EDGE: Was it a difficult decision for you to put yourself out there and address your own experiences in an abusive relationship in such a public manner?

Timothy McLemore: Oh, yeah, a fear of social impact was definitely a huge thing for me, especially [since] he and I used to create content together and post on Instagram. It was almost like going back into the closet, because I was hiding what was really going on behind closed doors from my friends, my family, and my Instagram community. I want to shine a light on that, and I know there's other people that are in intimate partner violent relationships, and I want them to get out. I want them to love themselves a little bit more and seek help.

EDGE: One chapter of your book is made up of diary entries in which you are addressing your ex, and you're acknowledging the conflicting, confusing emotions toward him that you're working through. Did you ever actually share with him what you wrote there?

Timothy McLemore: I haven't shared it with them, because as I said in the journal, I wrote it for him, but it's actually for me. That's what I'm honoring: keeping it for me. I mean, if he goes out and purchases my book when it comes out later this month, maybe he'll see it. But including that in the book was very powerful for me, and therapeutic as well.

EDGE: Intimate partner violence isn't always physical. Can you say a little about what forms that abuse can take, and how to recognize when it's actually happening?

Timothy McLemore: I think a lot of us, specifically in the gay community — particularly me — are hopeful romantics. So, when we get into these relationships, we tend to get very passionate about it. Though that's a good thing, it could also be a major red flag. At times, you're kind of stuck with your heart and your mind going against each other, and nothing's more confusing than that.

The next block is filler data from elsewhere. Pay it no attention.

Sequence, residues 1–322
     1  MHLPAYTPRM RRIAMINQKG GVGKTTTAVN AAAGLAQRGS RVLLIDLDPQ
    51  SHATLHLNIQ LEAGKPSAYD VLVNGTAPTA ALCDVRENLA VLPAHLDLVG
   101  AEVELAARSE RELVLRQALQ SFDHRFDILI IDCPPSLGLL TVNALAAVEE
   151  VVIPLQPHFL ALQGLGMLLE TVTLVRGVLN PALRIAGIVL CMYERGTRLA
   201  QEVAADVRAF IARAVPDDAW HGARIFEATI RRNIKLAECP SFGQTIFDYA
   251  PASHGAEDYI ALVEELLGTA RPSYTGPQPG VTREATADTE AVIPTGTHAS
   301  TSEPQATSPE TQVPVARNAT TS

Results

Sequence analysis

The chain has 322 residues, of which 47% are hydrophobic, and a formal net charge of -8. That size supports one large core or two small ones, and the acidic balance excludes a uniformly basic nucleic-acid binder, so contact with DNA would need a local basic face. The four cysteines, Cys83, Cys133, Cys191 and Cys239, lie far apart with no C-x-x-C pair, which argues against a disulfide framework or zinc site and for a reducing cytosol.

[In terms of the forms abuse can take], there's definitely verbal [abuse]. There's outing, which didn't particularly happen in my most recent relationship, but it did happen in my second relationship, where I was outed and exposed.

EDGE: It seems like this kind of violence is about control and jealousy.

Timothy McLemore: Oh, yeah, definitely, and that actually pertains to my situation as well. I mean, there were plenty of times we would go out places and maybe a nice gentleman would give me a compliment. I remember someone came up to me and said, "Hey, you should smile more." I obviously did not ask for the compliment. I wasn't seeking it. But later on in the evening, my partner decided to take it out on me; somehow, that was my fault. It was always somehow my fault, the "You made me do this" type of scenario.

EDGE: The cry of the abuser.

Timothy McLemore: Very much that, and when you're in these situations it's almost like you create a bond. It sounds terrible, but it's like a trauma bonding. These violent situations build, in a weird way, a deeper relationship. A lot of times in my personal situation, he wouldn't even remember what we were arguing about in the first place, but here we were, left with all this damage. [When] there's violence and you can't even remember what set you off, that's definitely a big red flag.

EDGE: It seems like another possible factor in abusive relationships is that people who are victimized sometimes come into these situations, or even seek them out unconsciously, because of their own past experiences.

Timothy McLemore: That's right, and I touch on that a little bit in my book. My father was physically abusive. One thing he always did tell us growing up is that he loved us, and I know he meant it. So, subconsciously, you kind of wire in there, "Someone that loves you might hurt you in this way." And I think that's why I put up with it as well, because my father was like that towards me.

EDGE: As I understand it, poor people, racial minorities, and transgender people tend to suffer intimate partner violence at higher rates than other groups. What's going on there?